Aussie swimming champion Emma McKeon has revealed the secret to dominating the pool at the Birmingham Commonwealth Games while managing the searing spotlight on her past and present relationships – a good old cry.
The new queen of the pool has been breathtaking in Birmingham, with her 20 medals earned in the pool a Commonwealth Games record and two clear of her nearest rival.
She also has 11 Olympic medals, five of them gold, to assert herself as the genuine GOAT of the pool at all levels for Australian swimmers.
But her feats in Birmingham have come under intense scrutiny of her current relationship with fellow Team Australia swimmer and former pop star Cody Simpson, her former boyfriend and Commonwealth Games swimmer Kyle Chalmers and reports of a tense love triangle that just won’t quit.
Each member of the trio has reacted differently.
Simpson has elected to flat bat questions with the patient guile of Bill Lawry in his Test cricket prime. Chalmers has exploded at the media and threatened to quit the sport altogether.
McKeon? While publicly she chosen to speak only about her feats in the pool, privately she admits that there have been many tears before lifting herself up to compete.
‘It was obviously a pretty tough week. There were lots of good parts to it. Obviously sharing it with [partner] Cody [Simpson] and having both my parents in the stands every time I raced. That was special because they couldn’t be in Tokyo,’ she told News Corp.
‘There were so many amazing parts of the week but yes, there were tough parts as well. I’ll say it’s been a rollercoaster of emotions.’
She adds: ‘You try to stay stable through the course of a week as big as this one, but the emotions can build up and I do let them out.
‘You can’t try to be a robot. I’m not a robot. You try to keep yourself together as much as you can, but yeah, there’s times when I just let it all go and have a decent cry.’
McKeon admits that she is not a public person and is a classic introvert, which is not the ideal combination with the highs and lows of fame and glory.
She says letting her emotions out has been her coping mechanism and was what propelled her to win seven medals in Tokyo, the most by any female swimmer at a single Olympic Games.
‘I started stressing out a bit. I’d come point-one-three of a second off gold in the 100m fly and once I saw how close it was, I was really disappointed and thought it was a missed opportunity. It got to me because I just wasn’t feeling how I wanted to feel.’
‘You’re always learning as you go,’ she says. ‘This week I feel like I’ve learned that I’ve probably got a lot of control over my mind. Dealing with failure is huge and I’ve improved there.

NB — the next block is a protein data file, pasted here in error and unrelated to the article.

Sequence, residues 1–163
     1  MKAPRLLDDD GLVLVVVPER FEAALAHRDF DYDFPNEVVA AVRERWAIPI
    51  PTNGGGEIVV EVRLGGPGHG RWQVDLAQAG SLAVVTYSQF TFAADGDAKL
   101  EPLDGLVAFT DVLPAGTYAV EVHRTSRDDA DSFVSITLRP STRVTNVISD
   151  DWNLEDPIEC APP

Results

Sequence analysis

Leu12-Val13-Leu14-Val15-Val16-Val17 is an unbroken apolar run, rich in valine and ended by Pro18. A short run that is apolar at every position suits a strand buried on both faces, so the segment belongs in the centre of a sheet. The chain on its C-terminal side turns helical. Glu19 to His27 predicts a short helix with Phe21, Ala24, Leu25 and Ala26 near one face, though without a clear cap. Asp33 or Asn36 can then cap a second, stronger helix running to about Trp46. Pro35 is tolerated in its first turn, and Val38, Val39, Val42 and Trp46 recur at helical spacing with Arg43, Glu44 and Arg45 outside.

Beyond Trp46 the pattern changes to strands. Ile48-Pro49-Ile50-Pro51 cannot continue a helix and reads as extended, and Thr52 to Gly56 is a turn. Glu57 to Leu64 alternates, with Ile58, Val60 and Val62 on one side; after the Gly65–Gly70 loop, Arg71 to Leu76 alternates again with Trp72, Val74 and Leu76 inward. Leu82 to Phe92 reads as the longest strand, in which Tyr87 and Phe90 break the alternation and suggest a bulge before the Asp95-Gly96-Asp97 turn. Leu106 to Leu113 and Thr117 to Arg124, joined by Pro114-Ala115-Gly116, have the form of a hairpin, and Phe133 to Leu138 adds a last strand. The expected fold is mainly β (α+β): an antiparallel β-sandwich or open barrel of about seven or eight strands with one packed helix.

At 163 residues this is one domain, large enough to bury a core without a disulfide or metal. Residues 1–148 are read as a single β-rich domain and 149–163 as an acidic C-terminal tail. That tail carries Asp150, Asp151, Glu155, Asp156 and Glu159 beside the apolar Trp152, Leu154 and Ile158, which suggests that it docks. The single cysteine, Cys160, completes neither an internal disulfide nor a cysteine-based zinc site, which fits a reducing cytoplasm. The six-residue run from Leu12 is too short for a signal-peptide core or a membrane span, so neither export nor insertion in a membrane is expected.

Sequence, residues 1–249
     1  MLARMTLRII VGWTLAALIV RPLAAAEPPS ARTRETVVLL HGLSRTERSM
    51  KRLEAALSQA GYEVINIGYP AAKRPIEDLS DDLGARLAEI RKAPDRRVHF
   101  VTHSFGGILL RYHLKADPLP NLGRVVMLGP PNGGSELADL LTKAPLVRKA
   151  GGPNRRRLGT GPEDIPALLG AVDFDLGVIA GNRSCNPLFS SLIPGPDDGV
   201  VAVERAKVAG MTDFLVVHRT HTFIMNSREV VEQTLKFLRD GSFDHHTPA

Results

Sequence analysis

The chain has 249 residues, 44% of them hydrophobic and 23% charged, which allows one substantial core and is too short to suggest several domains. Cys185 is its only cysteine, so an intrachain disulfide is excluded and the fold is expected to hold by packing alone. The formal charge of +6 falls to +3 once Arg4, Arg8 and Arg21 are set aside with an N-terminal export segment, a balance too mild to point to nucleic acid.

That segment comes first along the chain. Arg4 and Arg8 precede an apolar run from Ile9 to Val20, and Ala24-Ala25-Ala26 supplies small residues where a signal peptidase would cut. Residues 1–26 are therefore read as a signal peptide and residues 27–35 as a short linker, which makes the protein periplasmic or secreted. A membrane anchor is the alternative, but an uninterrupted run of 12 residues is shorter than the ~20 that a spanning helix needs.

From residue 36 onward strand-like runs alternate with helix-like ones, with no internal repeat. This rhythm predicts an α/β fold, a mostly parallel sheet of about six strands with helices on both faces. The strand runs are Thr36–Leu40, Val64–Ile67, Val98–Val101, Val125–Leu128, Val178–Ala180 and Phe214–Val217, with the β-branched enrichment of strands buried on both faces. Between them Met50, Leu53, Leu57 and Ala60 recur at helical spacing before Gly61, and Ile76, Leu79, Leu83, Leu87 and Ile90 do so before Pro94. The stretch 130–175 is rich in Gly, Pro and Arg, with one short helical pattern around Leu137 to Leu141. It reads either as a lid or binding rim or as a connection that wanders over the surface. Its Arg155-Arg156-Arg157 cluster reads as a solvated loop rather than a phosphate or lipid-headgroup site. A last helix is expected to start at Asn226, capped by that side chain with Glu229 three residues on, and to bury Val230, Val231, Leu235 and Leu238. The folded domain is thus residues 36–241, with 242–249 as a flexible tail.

‘That’s something you take into the rest of your life, right? Dealing with disappointments and just being able to handle yourself in difficult situations … I think I learned this week that I can do that pretty well. Not putting too much pressure on myself has been a challenge and that’s not an easy thing for me to do.
‘I have big expectations for myself and this week I needed to bring myself back to, this is kind of square one again on the way to Paris. Allowing myself not to overdo it with the pressure was a big deal.’
Now, while other athletes are likely to paint the Birmingham town red, McKeon is likely to retreat to an isolated beach somewhere with Simpson to recharge.
It has been mentally exhausting as much as it has been physical and McKeon says the downtime will help her recharge for another assault on the pool at the Paris Olympics.
‘The main thing was definitely the mental toll,’ she said. ‘It’s been a big week. It was physically tough but I’ve trained for that. Mentally, you have to get up to race and then no matter what the result is, you have to come down to rest and recover.
‘Then you have to get up again to race again. Then you have to come down again. Doing that 16 times in a week has been a lot. It can be exhausting but it’s worth it. Part of the challenge you’ve decided to put yourself through.’
‘I used to be really hard on myself when I wasn’t happy with the time I’d done or I if hadn’t swum a race the way I knew was capable of. Whereas now I get a bit annoyed but that’s about it. It’s more helpful.
‘I think it’s what makes me better for next time. I’m better at just picking the things I need to improve on and taking it from there instead of beating myself up for not doing something as well as I could have.
‘I do see now that I’m probably doing pretty well.’